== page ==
Mexico (maybe 1920s, hard to tell)

You might be surprised to learn Mexico’s most popular tequila cocktail is not the Margarita. What works best in triple-digit heat turns out to be something tall, icy, a little sweet, a little sour, a tiny bit salty, even a touch bitter to keep it dry – a delicious combo called “La Paloma” (Dove). Tequila and grapefruit soda with a squeeze of lime, plus a pinch of salt in the drink before you shake that does double-duty: boosting the various flavors and unifying the ice and liquid in a pleasant slush. Yes, you could substitute the grapefruit soda for fresh grapefruit juice, simple syrup, and seltzer… but if you can hunt down Jarritos Toronja soda at your local Mexican market, you’ll get extra points for authenticity (and a better-tasting drink, to boot). Squirt works as an I-guess-so substitute.

Now, if you’re a die-hard and can wait six weeks, get some good-quality reposado tequila, three pints of ripe, sweet, organic strawberries, and let ’em steep together… make a Paloma with this Tequila por mi Amante as relayed to me by Paul Clarke & Chuck Taggart (recipe follows), and this drink goes straight into orbit.

THE KIT

Hardware: Shaker, Jigger, Straw (optional), Hawthorne strainer (if using Boston shaker)
Ice: Ice cubes, Cracked ice
Glassware: Collins glass
Spirit: Tequila (plata or reposado, recommended: El Jimador, Espolón)
Mixers & Liqueurs: Grapefruit soda (recommended: Jarritos Toronja)
Juices, Accents, & Garnishes: Lime juice, Salt, Lime wheel

HOW TO

In a shaker about a third-full with ice cubes, add:

2 oz tequila
1/2 oz lime juice
1 pinch salt

Shake briefly to blend and chill, then strain into a Collins glass filled about two-thirds of the way up with cracked ice. Top with:

3 oz grapefruit soda

Stir lightly to blend and garnish with a lime wheel. Optionally, serve with a straw.

 

TEQUILA POR MI AMANTE

In an airtight container, combine 1 750 ml bottle reposado tequila with 3 pints ripe, organic, strawberries that have been washed and hulled (large ones sliced in half). Reserve the empty tequila bottle. Seal the container and allow to steep in the refrigerator three weeks, gently agitating occasionally. After three weeks, strain the mixture through a fine-mesh strainer and cheesecloth into the reserved tequila bottle and return to the refrigerator an additional three weeks to mellow. Strain through cheesecloth to filter out any coagulated natural pectin from the strawberries. Keep refrigerated afterward.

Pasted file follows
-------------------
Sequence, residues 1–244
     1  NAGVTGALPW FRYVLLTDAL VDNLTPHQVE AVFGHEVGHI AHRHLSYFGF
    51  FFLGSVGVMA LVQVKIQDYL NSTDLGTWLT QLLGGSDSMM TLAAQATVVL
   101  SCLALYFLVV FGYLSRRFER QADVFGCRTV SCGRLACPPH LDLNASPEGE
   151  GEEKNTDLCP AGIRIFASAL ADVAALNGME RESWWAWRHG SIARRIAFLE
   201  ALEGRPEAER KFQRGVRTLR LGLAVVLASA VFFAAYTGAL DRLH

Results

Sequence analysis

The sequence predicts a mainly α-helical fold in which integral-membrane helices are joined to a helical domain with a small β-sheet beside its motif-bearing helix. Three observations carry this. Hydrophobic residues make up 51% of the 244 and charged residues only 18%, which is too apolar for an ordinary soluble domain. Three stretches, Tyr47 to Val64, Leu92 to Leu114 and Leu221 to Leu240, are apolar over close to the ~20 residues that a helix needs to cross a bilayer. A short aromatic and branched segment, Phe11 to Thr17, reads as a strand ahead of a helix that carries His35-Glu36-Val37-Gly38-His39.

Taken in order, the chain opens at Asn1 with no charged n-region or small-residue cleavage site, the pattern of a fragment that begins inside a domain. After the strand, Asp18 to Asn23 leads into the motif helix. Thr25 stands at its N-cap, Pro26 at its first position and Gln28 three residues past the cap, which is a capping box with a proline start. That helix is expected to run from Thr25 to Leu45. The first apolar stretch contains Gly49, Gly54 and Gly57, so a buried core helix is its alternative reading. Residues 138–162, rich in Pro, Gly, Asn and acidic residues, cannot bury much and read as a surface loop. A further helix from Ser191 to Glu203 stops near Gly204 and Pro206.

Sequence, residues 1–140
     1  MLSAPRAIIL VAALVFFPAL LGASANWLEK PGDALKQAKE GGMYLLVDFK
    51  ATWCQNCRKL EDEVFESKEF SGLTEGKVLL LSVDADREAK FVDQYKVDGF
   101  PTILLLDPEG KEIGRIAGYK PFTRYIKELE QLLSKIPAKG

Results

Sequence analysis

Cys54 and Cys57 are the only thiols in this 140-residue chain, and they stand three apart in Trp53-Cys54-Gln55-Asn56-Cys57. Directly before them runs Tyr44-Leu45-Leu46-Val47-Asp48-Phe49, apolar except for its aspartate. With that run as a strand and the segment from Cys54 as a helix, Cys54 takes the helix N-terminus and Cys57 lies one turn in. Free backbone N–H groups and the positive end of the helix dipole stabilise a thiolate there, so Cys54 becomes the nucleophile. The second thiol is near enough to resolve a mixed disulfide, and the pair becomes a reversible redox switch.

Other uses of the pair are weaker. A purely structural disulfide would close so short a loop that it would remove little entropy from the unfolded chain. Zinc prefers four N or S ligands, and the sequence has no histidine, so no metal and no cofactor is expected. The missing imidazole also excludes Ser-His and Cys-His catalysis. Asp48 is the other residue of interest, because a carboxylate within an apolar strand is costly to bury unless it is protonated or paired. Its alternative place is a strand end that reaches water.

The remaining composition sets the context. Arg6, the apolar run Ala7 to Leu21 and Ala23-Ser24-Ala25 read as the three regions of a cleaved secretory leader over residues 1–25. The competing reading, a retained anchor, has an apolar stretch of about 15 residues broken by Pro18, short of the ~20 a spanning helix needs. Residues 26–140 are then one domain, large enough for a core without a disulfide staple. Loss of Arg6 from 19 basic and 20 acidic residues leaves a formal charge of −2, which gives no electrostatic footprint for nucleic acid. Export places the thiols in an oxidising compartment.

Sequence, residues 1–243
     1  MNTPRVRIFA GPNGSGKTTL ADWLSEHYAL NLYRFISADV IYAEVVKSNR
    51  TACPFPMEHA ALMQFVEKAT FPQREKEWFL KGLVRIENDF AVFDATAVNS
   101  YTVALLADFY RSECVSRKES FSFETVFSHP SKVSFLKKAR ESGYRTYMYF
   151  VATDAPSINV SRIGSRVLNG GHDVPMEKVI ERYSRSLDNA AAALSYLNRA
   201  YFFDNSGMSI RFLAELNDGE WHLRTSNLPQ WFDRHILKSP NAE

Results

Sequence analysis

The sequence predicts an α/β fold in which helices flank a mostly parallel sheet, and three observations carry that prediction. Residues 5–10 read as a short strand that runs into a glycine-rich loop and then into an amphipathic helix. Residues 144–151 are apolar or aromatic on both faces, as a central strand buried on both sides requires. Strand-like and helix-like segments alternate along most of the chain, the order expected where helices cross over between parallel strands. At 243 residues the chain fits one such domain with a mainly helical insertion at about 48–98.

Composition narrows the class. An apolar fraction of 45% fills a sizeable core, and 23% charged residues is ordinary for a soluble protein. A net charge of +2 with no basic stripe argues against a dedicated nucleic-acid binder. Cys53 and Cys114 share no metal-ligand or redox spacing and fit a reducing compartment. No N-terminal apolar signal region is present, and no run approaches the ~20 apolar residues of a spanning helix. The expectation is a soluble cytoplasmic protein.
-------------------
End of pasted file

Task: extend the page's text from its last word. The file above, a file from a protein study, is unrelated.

Trader Vic’s (1944)

You really can’t improve on perfection, but that hasn’t stopped the world from screwing up Trader Vic’s original Mai Tai for almost 70 years. I’ve already detailed the secretive and combative world of Tiki in my write-up about the Navy Grog – I’d say that contributed to the degradation of the Mai Tai, but Trader Vic himself also changed his recipe as time went on, adding more citrus juices (and more rum). Trader Vic originally used Wray & Nephew 17-year old rum in his recipe, but the Mai Tai was so popular, he actually depleted the world supply of that rum (or they just stopped making it), then the same with 15-year expression that came afterward. These days, the Trader Vic’s chain restaurants make the drink with a crappy, artificial-tasting bottled mix and inferior rum. Feel free to experiment with mixing two different rums (as I do here), or try just one kickass rum in this. My friend Matt “RumDood” Robold says he’s made this with Smith & Cross and “enjoyed it more than he probably should have” and I can back that up – even just a quarter-ounce in place of some of the aged Jamaican rum works great. The great bang-for-the-buck aged rum Appleton 12 is a minor luxury. If you’re up for it, make a batch of homemade orgeat (recipe below), or look around for B.G. Reynolds‘ excellent version. Either way, done right using this old-school recipe, the Mai Tai will take you back to the early days of Tiki, as US Marines were returning from the Pacific back home to southern California, eager to both remember and forget what they’d been through over there.